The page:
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It was by chance that I fell in love with an ancient village in western Hunan Province after seeing it in pictures: Embraced by green mountains, the village appeared enveloped in morning fog, while houses were covered by grey tiles above white walls, lining both sides of a crystal clear brook that wound its way through the village. I was amazed by the simplicity and tranquility: “I must go and witness this with my own eyes!”
I grabbed a friend, rented a car, and took off on a journey. Yang, a local innkeeper, agreed to be our guide. He greeted us at the entrance to the village, eager to share the story of his hometown.
The village’s name, Gaoyi, means “tall armchair” in Chinese due to the mountains surrounding it on three sides resembling an old-fashioned armchair. It is relatively isolated due to its geography, which is likely the reason it remained simple and unsophisticated for so long.
The village’s overall layout is clearly greatly influenced by traditional Chinese feng shui: Five roads radiate from the center of the village - a temple next to a large pond - creating a maze of the Eight-Diagram flavor. The wooden dwellings along its roads feature Dong style and courtyards are typical of southern China. Strangers easily get lost due to a lack of landmark structures. “That’s why we were never attacked for centuries,” the locals grin.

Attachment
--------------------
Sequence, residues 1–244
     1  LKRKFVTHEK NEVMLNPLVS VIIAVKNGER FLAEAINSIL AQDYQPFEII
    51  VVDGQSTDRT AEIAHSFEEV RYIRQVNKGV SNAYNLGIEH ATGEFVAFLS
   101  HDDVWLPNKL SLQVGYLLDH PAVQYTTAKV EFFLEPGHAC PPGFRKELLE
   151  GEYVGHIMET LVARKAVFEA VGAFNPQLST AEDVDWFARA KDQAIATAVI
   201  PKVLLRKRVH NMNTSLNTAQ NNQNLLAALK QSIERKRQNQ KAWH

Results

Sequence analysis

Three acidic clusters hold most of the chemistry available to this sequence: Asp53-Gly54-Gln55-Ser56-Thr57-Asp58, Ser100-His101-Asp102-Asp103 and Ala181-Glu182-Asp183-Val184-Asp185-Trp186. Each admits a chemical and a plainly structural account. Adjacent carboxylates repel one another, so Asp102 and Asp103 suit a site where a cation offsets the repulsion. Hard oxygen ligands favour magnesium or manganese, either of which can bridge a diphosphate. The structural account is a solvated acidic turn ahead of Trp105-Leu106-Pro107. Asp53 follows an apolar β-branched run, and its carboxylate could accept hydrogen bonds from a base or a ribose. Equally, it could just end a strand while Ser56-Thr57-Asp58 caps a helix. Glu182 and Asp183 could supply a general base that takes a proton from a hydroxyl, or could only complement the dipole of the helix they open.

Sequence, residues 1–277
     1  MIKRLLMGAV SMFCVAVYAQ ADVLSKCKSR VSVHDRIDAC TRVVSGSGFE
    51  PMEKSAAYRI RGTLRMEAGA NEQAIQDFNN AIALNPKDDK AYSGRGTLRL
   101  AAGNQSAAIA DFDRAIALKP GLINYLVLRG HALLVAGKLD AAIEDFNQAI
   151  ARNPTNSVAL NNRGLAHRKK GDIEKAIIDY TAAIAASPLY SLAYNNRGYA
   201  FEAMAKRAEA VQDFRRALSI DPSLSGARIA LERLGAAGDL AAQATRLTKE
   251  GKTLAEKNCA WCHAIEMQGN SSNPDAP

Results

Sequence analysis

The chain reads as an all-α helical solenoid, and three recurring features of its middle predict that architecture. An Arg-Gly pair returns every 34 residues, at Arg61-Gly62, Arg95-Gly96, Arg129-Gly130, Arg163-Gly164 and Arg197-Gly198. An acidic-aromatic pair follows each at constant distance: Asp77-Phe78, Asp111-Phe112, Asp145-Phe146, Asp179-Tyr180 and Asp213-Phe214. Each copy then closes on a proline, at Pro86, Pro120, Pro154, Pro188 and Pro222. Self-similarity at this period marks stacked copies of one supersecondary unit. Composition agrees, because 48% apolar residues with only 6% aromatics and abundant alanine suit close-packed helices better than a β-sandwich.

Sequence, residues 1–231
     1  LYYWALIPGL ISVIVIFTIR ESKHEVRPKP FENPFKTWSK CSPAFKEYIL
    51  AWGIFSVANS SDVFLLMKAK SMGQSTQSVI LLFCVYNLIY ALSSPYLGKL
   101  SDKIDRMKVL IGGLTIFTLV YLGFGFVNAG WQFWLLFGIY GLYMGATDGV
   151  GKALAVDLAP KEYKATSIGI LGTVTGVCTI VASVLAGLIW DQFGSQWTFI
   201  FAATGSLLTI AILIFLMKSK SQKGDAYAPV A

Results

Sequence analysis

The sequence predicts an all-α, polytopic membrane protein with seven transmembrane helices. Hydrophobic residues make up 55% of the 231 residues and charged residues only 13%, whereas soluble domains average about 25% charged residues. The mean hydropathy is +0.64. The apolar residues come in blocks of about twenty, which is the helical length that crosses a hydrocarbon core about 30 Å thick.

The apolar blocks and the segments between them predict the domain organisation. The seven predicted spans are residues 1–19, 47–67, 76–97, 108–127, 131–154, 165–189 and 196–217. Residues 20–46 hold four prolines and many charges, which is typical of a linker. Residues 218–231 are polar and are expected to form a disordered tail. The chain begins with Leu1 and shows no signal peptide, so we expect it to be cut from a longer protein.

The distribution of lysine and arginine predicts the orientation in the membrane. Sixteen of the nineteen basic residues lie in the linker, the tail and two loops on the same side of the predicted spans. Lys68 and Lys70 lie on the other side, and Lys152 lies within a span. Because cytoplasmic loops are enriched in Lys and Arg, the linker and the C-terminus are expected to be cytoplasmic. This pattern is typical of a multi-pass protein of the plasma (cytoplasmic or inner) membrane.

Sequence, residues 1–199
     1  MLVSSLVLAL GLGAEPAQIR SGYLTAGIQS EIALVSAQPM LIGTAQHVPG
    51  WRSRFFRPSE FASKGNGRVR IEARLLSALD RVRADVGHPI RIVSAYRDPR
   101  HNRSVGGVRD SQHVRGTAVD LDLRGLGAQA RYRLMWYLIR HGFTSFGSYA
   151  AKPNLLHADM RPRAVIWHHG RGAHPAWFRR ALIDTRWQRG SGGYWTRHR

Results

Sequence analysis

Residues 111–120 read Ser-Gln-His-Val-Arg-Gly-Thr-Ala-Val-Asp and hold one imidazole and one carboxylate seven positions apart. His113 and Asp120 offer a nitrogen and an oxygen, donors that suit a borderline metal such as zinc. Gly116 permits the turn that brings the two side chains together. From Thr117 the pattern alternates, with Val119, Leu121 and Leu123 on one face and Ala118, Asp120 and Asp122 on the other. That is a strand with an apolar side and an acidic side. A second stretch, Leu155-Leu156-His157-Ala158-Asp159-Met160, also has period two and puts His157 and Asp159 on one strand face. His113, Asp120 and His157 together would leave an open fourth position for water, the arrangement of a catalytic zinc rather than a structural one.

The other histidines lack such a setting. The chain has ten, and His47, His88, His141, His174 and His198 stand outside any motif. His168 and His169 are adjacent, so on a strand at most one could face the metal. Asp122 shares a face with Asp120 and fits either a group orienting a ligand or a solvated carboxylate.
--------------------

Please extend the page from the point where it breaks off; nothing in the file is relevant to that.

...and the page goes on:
Apparently, the density of buildings requires vigilant fire prevention. Ditches can be found along every street and lane, siphoning the brook to every house. Covered ditches send waste water to the ponds with lotus and other aquatic plants, which naturally purify the water.
The most famous are the Red and Black Ponds in the eastern end of the village. Built during the reign of Emperor Jiaqing of the Qing Dynasty (1644-1911), the two square ponds are connected by a wooden bridge. One pond is home to red carp - dubbed Red Pond, and the other is filled with grass carp - Black Pond. They play a role in the village’s sophisticated system for pollutant discharge, water storage, and fire prevention.
The village takes pride in its well-preserved structures built during the Ming (1368-1644) and Qing dynasties. Most houses within spacious courtyards are surrounded by tall brick walls. Traces of the ancient system of rural education, in which students studied part-time while continuing to perform farm work, is evidenced by many public buildings, such as temples, pavilions, and academies of classical learning.
The small lanes and old-fashioned buildings carried my imagination far back in history to the Ming and Qing dynasties. Our guide, Yang, was so enchanted that he exclaimed, “We are not done yet!” when his wife summoned us home for dinner.